• Once I put some tables in this blog, I will be able to show the growth and explain the expenses.
  • Last week I had $103 in expenses (food, misc, entertainment, etc.)
  • 28% of these expenses were due to buying lunch at work. I might start bringing my lunch a few days per week (Fridays they give us free lunch), or buy something cheaper. This is slightly hard to do since everything is expensive in the financial district, but Subway is cheap (and healthy).

Friday, August 05, 2005

Friday Update

Just two things to say before I start my weekend.

The NFL season is going to start fairly soon and I'm going to start my betting. I plan to put a little more detail of my betting than last year and also use more capital. I'll probably post more about this as it gets closer to the season.

Insider Trading
I read this in the Journal today, ridiculous.
Options on Reebok were heavily active before the proposed acquisition with Adidas was confirmed. About 3,675 options (mostly calls) were traded, which is about 20 times the normal volume. This was on Monday, and then another 5,000 contracts traded on Tuesday.
The CBOE said they are going to look in this, but this just seems too obvious.
Just to note: if people know insider information they would rather buy options rather than the stock because of the leverage. For instance $10,000 would get you under 200 shares of Reebok, but (assuming an option premium of 2.00) it would get you 50 option contracts. With these contracts you would control 5,000 shares.

Have a nice weekend!

Thursday, August 04, 2005

Sara Lee

I haven't had time to look through Sara Lee mainly because I'm still getting used to my schedule.
Sleeping in for the past three months, and then starting this job.
My schedule goes like this: I wake up at 3:45am (!) and leave the house before 5, I drive to the BART station and take the 5:21 ride and arrive at work around 5:45. I work till 3 and after transportation time I get back to my house before 4pm. I then try to do a little CFA reading (almost done with the reading), eat something, then basically I'm drained. Seriously, I'm getting sleepy by 7. I try to fall asleep around 9:30, but I've been having problems sleeping this week and I keep waking up multiple times throughout the night. As you can see, I don't have too much free time and I'm usually sleepy during this free time. A few more weeks and I think I'll get used to it.

Anyways, back to SLE. They reported a fourth-quarter loss, but said some good things in their report. They are reorganizing the company and spinning off certain units (it's clothing and coffee units). Sales were pretty bad, but I think it might be better if they become a leaner company.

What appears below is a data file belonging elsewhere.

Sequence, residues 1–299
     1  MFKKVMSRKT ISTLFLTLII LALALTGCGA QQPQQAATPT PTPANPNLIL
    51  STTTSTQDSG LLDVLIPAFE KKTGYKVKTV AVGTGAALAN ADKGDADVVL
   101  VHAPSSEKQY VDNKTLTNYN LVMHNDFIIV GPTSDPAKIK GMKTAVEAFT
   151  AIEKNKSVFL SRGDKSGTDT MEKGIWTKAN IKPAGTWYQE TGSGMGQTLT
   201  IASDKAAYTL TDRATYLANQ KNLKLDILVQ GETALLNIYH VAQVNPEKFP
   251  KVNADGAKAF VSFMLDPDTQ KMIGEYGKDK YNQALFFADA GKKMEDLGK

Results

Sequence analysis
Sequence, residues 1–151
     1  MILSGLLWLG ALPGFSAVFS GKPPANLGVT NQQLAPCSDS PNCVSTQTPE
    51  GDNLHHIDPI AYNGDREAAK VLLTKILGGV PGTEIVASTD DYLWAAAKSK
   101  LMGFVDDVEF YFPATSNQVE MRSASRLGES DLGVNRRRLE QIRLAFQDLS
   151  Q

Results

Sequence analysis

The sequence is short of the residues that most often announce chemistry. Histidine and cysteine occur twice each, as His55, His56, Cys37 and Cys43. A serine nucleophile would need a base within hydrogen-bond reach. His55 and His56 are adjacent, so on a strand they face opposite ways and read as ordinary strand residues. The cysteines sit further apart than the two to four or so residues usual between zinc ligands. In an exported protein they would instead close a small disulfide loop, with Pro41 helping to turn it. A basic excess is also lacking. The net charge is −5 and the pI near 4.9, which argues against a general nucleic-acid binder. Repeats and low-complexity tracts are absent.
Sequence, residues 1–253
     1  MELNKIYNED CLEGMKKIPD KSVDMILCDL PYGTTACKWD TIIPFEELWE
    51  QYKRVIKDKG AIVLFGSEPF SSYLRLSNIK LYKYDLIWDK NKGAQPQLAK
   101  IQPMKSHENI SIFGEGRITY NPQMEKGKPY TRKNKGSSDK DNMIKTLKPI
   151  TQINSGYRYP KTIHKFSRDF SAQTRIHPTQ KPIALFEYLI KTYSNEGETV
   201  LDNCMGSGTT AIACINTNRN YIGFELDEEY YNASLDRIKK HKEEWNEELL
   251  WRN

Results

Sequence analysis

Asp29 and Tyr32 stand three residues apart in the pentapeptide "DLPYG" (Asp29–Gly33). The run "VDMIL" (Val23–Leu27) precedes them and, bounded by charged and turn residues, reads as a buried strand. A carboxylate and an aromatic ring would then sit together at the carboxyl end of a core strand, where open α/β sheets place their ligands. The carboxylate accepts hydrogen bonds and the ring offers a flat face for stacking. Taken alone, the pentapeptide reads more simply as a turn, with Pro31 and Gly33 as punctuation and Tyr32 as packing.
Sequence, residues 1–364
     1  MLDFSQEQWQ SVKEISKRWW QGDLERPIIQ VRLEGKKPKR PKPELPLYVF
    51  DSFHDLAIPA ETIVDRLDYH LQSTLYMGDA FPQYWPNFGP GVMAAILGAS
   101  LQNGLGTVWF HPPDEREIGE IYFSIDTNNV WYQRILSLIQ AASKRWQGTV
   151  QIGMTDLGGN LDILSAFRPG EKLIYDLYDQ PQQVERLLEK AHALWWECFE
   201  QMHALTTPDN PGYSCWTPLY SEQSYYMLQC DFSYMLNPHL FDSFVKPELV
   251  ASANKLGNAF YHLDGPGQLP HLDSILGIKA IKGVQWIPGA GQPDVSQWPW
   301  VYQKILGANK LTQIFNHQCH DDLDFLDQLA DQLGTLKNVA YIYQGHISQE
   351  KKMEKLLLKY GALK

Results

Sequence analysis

They will be focusing on the units they started with and those with higher margins (like household products). They are going to bring down their debt levels and issued a $2 billion stock repurchase plan. I think a combination of these factors sent the price up, even though other parts of the report were disappointing like their sales figures. It ended the day up 2.56% and trended higher throughout the day.
I hesistated and could have bought at the $19 level, but there are risks and I need to look further into the company.

Wednesday, August 03, 2005

Seeing What the Pros Buy

The market had a fairly level day, although there were some big news (TWX, Adidas buying Reebok).
UNTD improved on last night's after-hours gains and managed to end the day up 7.93%
This pushed my overall position back into the positive side (+3%).
EBF has been showing some weakness lately, but I think I'm going to hold it.
The rest of my positions finished in the green (except FRX was flat).
Right now I'm comfortable with my positions (but cautious with EBF) and I need to find time to research more.

I'll start researching some of the stocks I've been mentioning lately and search for new candidates.
I'm bookmarking this Business Week article about companies that have upped their dividend for 25+ years. Some of these stocks will definitely be out of my price range (due to my low net worth, I can't buy 100 shares of a $70 stock, since that would take up almost 30% of my total net worth).

I read this article/interview of Timothy Vick from Sanibel Captiva Trust. The interview was pretty interesting and it detailed Vick's investment strategy that takes a lot from Buffett.
The article reminded me of something I did at my old job. We were interested in what some of the good portfolio managers were buying, but some of them were not very press-friendly.
So how would we find their holdings? (I'm not talking about big mutual funds, but lesser known firms). The one I looked into frequently was Private Capital Management, which Bruce Sherman runs. Sherman has had a fantastic track record, but it's hard to find out what they were buying.
I looked into the firm's 13F form. Any investment firm (mutual funds, investment management funds, etc.) is registered with the SEC. There might be a size limit, but I know my old firm ($250 million in assets, which is small) needed to be registered. Anyways, registered firms need to submit a quarterly form (13F) of their holdings. By examining quarter to quarter, you can see what the firm has bought or sold. By using the value figures, you can also get a decent range on the price they paid for the stock.
How to look at the 13F: Go to the SEC site, click Search for Company Filings, click Companies and Other Filers, then in Company Name put in the firm's name (Private Capital Management), next click the specific company (the PCM I want to look into is based in Florida, so I'll click the one with FL). This will list all the forms they have to submit, from here you can scroll to find the 13F or you can search by form type (which is helpful if you want to get multiple quarters without taking too much time). After you find the 13F, click that or "text" that should appear next to it. This will bring you the form. Scroll down until you start seeing a big list of holdings.